Advice for a startup hiring a PM

Hey everyone, I have founded a startup 2 years ago that’s now one of the biggest communities for ballroom dancing in the county and we’re focused on online education for dancers, launched our first online course, did about 35k in sales in 3-4 months, now looking to raise a seed round and build a team and grow a membership product.

One of the key people we’re looking for is the product manager.

So I would like to ask your advice as PM’s, specifically:

  • We are based in Rockford, Illinois now. Will a person from anywhere work well to build with us? Or it should be exclusively from our city, as I’m afraid the supply of top-notch PM’s here might not be that high.
  • If it could be from outside of Rockford, how would that work in your opinion? Would the person need to come frequently to Rockford? Could it be exclusively remote?

Thank you so much, really appreciate your advice!


Where’s your developers based? It’s more important that the PM is in constant communication with the dev team, rather than yourself. Now that doesn’t mean the PM has to be sitting with the dev team, but he does need to have access to them (meaning if he’s remote, should at least be in the same time-zone).


I’d disagree a little here. It’s a super nice benefit to have the PM in the same time zone, but for the last two years my developers have been +15 and +10 hours from me. We’ve been doing well.

Open lines of communication are super important to make this work. The only hang ups involve the sprint handoff meeting, where someone (usually me) takes the meeting at an unusual hour.

I would agree, however, that the PM needs to be in the same time zone as the executives. I’ve only ever been in the same building as the executive staff, and I couldn’t count number of times in a day where I pop over to someone’s office to casually discuss something.


Congrats on your growth! And yes, this is the right stage to hire a PM.

Is your whole team based in Rockford? Or are you mostly remote? A PM should ideally sit with the team, especially if everyone is mostly colocated.

Also, how diverse is your team? Is the company language English? I’ve been in a situation before where I didn’t speak the team’s language and it was very frustrating since it is not realistic to expect people to communicate in a second language all the time if it’s difficult for them.

I’d say recruit someone local. As far as I heard, Illinois should have decent tech talent.


Why do you want to hire a product manager? What outcome are you hoping for?


If they’re not going to be located in the same city, you should make sure they are in the same time zone. I’ve seen studies that suggest the biggest productivity hit would be if your PM and dev team are in different time zones.

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What skills would you look for in a remote Product Manager in general? A PM needs to have some of the most varied soft and hard skills in a team. Honestly, besides exceptionally good communication and organization skills, the traits and abilities he needs to develop are roughly the same as for any office job.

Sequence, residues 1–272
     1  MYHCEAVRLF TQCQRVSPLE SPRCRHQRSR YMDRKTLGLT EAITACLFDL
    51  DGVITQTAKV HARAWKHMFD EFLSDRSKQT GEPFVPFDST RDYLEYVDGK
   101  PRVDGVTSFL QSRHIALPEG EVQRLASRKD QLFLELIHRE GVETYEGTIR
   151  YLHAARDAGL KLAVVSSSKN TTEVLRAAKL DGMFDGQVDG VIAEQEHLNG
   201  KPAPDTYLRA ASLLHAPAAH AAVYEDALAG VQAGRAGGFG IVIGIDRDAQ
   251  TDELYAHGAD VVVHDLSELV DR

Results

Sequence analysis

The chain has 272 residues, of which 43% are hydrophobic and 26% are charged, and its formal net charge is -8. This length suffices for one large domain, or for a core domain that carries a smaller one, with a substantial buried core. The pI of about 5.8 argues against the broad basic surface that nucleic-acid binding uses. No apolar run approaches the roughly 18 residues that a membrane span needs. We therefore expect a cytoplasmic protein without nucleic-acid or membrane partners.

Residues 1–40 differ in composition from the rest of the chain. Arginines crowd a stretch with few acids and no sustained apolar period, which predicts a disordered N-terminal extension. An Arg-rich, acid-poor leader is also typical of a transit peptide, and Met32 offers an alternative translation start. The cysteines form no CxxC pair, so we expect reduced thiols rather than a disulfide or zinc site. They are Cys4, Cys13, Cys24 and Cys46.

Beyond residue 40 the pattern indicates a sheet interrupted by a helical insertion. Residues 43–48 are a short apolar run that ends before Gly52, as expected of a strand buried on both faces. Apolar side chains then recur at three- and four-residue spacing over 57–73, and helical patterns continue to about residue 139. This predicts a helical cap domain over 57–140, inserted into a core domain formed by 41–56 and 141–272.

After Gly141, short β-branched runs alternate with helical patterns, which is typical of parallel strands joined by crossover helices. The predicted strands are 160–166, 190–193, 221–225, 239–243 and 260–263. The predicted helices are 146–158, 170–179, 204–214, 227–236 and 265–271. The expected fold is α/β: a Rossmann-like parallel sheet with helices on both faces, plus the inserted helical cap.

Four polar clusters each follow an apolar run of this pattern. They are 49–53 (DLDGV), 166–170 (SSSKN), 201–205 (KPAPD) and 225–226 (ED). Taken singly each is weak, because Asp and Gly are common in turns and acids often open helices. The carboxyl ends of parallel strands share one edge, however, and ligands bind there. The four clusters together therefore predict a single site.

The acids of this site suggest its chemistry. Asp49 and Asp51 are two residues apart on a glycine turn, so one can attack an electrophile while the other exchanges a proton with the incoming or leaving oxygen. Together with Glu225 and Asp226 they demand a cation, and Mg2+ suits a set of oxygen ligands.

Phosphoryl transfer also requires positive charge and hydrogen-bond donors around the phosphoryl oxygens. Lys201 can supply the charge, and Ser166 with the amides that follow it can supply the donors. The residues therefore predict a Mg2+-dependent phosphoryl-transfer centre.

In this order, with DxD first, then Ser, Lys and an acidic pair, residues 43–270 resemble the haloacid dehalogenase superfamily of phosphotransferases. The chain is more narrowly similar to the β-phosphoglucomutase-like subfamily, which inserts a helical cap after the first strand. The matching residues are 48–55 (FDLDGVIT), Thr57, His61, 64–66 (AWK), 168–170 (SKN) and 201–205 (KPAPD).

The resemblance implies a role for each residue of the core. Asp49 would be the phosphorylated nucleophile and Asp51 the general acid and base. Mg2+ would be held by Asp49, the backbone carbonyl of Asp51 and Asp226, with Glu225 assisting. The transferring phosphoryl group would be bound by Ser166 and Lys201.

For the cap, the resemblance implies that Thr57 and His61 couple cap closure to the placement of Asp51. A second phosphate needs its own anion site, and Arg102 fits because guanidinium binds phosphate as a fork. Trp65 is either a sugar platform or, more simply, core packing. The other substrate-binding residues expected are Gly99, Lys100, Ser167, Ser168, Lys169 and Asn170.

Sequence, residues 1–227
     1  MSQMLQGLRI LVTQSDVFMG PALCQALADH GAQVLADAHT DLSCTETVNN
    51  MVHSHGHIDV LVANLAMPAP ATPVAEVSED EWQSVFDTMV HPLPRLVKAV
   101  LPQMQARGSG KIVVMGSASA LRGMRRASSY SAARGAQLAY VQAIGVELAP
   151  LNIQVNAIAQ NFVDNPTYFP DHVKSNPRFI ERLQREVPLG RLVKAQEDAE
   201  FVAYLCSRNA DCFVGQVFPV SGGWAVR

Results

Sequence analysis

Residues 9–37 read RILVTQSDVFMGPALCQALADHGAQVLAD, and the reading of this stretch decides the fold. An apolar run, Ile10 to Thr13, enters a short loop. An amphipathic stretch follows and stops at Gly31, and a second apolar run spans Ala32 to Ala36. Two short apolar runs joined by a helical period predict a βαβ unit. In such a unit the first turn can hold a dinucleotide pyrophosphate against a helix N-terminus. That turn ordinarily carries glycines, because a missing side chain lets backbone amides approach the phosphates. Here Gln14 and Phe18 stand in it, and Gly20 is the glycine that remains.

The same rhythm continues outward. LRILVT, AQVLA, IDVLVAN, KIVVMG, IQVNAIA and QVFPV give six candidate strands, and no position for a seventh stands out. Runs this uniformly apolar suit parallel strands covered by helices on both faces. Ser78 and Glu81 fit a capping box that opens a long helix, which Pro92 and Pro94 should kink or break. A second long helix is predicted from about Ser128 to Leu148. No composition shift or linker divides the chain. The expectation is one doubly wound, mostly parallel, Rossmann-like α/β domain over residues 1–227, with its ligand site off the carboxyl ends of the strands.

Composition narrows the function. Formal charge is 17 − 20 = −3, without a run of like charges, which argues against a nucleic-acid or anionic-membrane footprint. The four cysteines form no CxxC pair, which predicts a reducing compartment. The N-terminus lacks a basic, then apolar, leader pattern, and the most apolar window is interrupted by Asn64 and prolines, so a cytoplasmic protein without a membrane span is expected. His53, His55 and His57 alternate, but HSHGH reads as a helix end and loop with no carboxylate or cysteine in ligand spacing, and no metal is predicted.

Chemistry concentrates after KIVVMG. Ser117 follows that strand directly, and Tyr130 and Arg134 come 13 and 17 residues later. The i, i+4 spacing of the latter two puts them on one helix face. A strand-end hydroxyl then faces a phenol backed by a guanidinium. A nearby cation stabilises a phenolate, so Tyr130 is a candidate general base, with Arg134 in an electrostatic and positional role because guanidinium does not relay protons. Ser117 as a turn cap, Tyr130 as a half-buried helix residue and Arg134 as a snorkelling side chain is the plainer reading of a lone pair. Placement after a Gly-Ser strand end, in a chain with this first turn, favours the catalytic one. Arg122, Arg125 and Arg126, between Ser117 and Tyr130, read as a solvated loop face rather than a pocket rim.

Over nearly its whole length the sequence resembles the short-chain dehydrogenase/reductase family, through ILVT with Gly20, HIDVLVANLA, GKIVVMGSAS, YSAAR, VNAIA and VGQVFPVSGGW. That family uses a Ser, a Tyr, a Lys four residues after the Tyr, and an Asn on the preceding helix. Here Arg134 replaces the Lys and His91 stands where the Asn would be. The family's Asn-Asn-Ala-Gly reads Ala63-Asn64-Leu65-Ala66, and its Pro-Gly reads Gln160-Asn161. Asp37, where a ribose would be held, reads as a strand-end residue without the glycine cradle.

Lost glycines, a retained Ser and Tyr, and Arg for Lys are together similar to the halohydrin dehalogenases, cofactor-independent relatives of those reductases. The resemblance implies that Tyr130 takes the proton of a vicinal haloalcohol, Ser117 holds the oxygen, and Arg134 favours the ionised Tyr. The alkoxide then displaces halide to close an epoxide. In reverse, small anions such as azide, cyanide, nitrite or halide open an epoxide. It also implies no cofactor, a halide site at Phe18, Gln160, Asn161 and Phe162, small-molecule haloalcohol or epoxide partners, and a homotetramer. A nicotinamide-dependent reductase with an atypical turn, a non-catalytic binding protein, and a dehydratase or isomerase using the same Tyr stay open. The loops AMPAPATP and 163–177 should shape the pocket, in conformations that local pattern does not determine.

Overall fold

Here are some of the most commonly mentioned skills that you can expect for from your remote product manager:

  • Strong leadership skills
  • Organization and prioritization capabilities
  • Critical thinking
  • Excellent communication and interpersonal skills
  • Strong client management abilities
  • Ability to manage multiple, simultaneous projects
  • Time management and budgeting skills
  • Command of diverse product development frameworks, strategies, and/or rapid prototyping solutions
  • Ability to troubleshoot customer issues and create detailed bug reports
  • Ability to work autonomously
  • Passion for working cross-functionally
  • Problem-solving skills
  • Strong technical understanding of how software products are built
  • Ability to collect and structure qualitative and quantitative research that will be used for making product and design decisions
  • A clear understanding of key metrics and ways of measuring a product’s success

All in all, the requirements depend on your company. Some employers will prefer a strong communicator who is able to work cross-functionally and bring the entire team together. Others will have specific needs such as programming language knowledge or stronger experience when it comes to user interviews or focus on a specific stage of a product’s life cycle.

What you’ll need to look for, above any of the above skills is product sense. This means he’ll first have to become a subject matter expert and learn all the ins and outs of the product. He’ll then own the entire creative process around generating new ideas, spotting challenges, and creating the whole roadmap along with doing user research, keeping track of metrics, and prioritizing tickets.

Simply, he needs to have a complete product-oriented skillset along with dependable traits that will allow you to trust him with your product’s evolution and fixing potential problems.

Hope this helps!

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